Lennon says winning manager of year ‘a privilege’

Neil Lennon: 'It's a huge privilege to win it again'. Picture: Getty
Neil Lennon: 'It's a huge privilege to win it again'. Picture: Getty
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CELTIC manager Neil Lennon rates his Scottish Football Writers’ Association manager of the year award for this season as a greater achievement than in 2012 – despite the absence of Rangers from the SPL.

The Northern Irishman was also delighted to be able to put aside “speculation” in a week when he has been heavily linked with the Everton job soon to be vacated by Manchester United-bound David Moyes, and focus on the substance of his award.

It is the second year in a row that Lennon has won the writers’ accolade, and the second year in a row that he has missed out on the PFA Scotland award. Allan Johnston of Queen of the South won that gong this season and Derek Adams of Ross County took it in 2012.

And Lennon is in no doubt that this year’s prize is a bit special. He said: “This one means more this year. I’m very grateful. It means a helluva lot to me personally.

“It’s obviously down to the efforts of the players and the backroom staff. It’s a huge privilege to win it again. The first one is always good. But to do it again means you are carrying on the good work and continuing the progression. It’s testament to the season we’ve had. Some other managers have produced some excellent work too, such as Stuart McCall, Derek Adams, who I voted my one and two, Allan Johnston, Terry Butcher and Jackie McNamara. Every manager is under pressure under their own terms. To get it ahead of those guys, I’m very, very proud.”

Lennon described as “very flattering” his link to the Everton job, although he has been replaced as bookies’ favourite by Cardiff City’s Malky Mackay. Even if, as seems likely, the Celtic manager is not eventually offered a post which he surely would not pass up, it suits him to be seen as an attractive proposition down south.

He is shortly due to meet Celtic’s major shareholder, Dermot Desmond, to discuss his contract status and plans for future team building.

That meeting, which is expected to take place in the week leading up to the Scottish Cup final on Sunday, 26 May, is likely to provide Lennon with the opportunity to make his case for a modified contract package. After three years in the job and currently on a one-year rolling deal believed to be worth around £800,000 with bonuses, he is understood to be seeking improved remuneration and a three-year fixed term.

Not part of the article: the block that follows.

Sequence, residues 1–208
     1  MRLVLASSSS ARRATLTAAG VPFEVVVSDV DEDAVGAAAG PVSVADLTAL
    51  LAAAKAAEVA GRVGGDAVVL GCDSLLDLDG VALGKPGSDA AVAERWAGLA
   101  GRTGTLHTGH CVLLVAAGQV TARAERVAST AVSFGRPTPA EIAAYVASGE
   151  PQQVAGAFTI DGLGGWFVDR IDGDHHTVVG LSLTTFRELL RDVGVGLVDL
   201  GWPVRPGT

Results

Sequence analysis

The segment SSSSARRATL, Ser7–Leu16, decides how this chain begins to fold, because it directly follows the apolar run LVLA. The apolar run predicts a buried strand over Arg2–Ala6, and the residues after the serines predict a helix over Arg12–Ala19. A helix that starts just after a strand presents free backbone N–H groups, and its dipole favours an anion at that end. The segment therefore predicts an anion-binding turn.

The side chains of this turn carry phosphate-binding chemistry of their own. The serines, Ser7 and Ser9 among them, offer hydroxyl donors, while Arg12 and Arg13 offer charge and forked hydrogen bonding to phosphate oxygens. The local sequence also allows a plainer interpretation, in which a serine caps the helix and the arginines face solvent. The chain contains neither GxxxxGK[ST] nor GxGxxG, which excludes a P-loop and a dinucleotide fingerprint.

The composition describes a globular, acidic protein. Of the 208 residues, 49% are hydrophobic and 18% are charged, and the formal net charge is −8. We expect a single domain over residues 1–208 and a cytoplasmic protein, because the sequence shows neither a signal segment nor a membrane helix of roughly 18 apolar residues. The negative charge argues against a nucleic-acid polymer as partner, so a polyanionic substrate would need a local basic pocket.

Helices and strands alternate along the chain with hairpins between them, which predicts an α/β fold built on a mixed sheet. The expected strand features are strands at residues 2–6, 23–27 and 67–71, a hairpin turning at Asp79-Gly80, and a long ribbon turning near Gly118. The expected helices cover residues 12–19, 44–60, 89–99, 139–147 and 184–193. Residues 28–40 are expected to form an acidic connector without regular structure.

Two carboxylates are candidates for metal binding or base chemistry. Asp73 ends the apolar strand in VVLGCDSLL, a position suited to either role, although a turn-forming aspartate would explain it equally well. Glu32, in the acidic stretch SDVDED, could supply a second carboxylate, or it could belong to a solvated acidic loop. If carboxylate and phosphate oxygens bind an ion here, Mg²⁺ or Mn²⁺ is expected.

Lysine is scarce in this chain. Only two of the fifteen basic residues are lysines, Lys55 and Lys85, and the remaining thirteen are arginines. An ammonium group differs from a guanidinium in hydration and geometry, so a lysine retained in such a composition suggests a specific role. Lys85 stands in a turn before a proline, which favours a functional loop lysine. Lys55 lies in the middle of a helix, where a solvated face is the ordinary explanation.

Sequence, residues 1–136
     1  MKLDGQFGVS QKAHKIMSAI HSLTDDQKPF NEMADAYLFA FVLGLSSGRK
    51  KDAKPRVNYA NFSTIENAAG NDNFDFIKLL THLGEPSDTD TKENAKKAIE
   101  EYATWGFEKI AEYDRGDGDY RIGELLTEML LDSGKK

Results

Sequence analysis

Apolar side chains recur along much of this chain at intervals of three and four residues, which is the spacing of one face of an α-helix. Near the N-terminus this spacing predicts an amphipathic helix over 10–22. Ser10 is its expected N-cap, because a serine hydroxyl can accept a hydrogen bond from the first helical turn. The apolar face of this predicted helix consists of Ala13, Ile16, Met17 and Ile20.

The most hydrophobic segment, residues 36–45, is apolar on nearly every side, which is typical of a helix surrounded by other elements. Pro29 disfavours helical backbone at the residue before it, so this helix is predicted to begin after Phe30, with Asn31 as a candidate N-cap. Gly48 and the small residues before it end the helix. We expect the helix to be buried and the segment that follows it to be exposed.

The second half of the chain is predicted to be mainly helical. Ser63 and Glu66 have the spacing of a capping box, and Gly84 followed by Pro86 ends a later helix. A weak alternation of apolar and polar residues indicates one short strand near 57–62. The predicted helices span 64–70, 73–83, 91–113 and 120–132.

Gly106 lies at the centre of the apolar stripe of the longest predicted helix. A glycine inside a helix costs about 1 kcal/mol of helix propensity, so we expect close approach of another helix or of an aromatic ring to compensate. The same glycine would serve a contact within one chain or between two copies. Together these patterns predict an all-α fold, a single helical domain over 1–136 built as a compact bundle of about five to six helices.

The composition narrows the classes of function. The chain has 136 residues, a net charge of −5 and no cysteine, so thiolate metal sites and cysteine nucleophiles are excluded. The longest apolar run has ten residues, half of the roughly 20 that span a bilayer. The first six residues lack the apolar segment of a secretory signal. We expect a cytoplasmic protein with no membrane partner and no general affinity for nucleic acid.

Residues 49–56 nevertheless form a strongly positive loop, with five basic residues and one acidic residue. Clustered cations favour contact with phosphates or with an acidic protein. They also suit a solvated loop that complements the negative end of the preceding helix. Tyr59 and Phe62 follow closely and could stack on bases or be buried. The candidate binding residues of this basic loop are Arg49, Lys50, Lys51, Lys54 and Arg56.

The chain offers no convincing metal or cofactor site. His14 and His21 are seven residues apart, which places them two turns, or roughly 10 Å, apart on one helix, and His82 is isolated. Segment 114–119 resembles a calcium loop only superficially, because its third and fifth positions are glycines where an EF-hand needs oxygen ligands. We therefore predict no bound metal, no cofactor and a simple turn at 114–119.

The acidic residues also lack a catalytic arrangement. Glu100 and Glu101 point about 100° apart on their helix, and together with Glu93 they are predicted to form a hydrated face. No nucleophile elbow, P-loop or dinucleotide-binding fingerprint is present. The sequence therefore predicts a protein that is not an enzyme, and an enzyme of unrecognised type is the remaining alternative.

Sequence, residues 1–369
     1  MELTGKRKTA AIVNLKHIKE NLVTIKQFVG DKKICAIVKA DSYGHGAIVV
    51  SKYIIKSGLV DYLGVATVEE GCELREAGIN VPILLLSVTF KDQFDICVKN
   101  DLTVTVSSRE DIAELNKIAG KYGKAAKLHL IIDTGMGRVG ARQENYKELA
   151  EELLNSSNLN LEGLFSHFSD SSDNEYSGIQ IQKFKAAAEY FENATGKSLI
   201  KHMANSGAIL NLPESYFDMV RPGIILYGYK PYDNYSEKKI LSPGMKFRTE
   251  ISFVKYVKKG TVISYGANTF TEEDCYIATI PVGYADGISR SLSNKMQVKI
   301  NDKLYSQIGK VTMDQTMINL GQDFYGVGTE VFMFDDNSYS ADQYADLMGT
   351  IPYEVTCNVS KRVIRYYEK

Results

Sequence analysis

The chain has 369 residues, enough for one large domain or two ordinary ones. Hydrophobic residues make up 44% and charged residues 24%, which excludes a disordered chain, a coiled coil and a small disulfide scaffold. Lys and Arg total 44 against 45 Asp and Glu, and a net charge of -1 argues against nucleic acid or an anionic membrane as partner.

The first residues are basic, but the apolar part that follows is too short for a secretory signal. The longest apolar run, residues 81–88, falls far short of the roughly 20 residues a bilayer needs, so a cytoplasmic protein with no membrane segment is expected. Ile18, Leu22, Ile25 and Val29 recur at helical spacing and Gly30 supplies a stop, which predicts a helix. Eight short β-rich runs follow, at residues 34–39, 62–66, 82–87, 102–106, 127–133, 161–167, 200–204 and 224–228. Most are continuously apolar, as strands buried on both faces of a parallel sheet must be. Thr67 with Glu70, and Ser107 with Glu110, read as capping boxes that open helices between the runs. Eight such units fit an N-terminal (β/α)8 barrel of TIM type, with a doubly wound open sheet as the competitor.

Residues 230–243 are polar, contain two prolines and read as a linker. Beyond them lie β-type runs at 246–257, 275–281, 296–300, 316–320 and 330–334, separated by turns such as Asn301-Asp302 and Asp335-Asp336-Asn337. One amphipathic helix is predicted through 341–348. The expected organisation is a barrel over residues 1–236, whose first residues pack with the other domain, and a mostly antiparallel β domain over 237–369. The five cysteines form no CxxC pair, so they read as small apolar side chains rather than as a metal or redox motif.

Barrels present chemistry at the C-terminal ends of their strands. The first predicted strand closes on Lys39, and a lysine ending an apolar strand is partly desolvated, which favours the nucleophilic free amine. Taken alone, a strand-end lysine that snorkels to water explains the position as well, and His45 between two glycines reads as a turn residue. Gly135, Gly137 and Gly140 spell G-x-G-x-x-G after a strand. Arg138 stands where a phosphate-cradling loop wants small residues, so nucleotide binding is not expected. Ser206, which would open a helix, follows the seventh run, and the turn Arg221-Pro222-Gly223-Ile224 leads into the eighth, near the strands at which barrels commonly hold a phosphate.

The 42-year-old may also point to the fact that Rangers manager Ally McCoist is understood to be on £700,000 a year to lead a club in the Second Division. Or that Moyes was on £4 million a year with Everton, and has been given a six-year commitment at Old Trafford.

Lennon also has concerns about the ability of his current squad, whose domestic form has been patchy, to build on Champions League exploits that brought seven wins in 12 games, the scalping of Barcelona home and Spartak Moscow away and a place in the last 16 of the tournament.

The squad is likely to be diminished with the departures of Victor Wanyama and Gary Hooper, although Lennon refuses to give up on persuading the English striker to sign an extension.

“I’m not saying I’m going to have a war chest but we would like to make significant inroads into improving the squad for the summer,” he said. “We’ve done well with Bosmans – [Mikael] Lustig, [Adam] Matthews, [Joe] Ledley, [Charlie] Mulgrew and [Kelvin] Wilson. They all made us better. We’ve had an extensive look at players this week and we’re waiting to hear back from agents to see if we can push the button on one or two. What I’ve been after for a while is a physical centre-forward, someone to head the ball. But they’re a dying breed. We missed out on a couple of those types in the previous couple of years, but if a club in England flash their eyes at him then you are always swimming against the tide in that aspect.”

His player search could take him in the direction of Republic of Ireland striker Kevin Doyle once more. Lennon tried to bring the 29-year-old in on loan from Wolverhampton Wanderers last January. Doyle is contracted to Wolves until 2015 and understood to be earning £25,000 per week. Therein lie two potential obstacles to any move north, which Lennon says has become more attractive to “one or two” previous targets as “performances in Europe have made people sit up and take notice again”.

“Kevin is on really good money there but I would imagine there would be a few leaving Wolves. He is a player we have always liked but I am not going to say ‘yes’ or ‘no’ to him,” said Lennon.

The Celtic manager is a known admirer of Burnley’s Charlie Austin, but Celtic have not spent more than £3m on a player in six years. “The problem is that last year I went to watch Burnley, after I got the tip off about [Jay] Rodriguez. He ended up going to Southampton for £7m and he hadn’t played in the Premier League. We just can’t do that. I don’t know what Charlie’s valuation is. He is a player that we like but whether we can afford him or not is another matter.”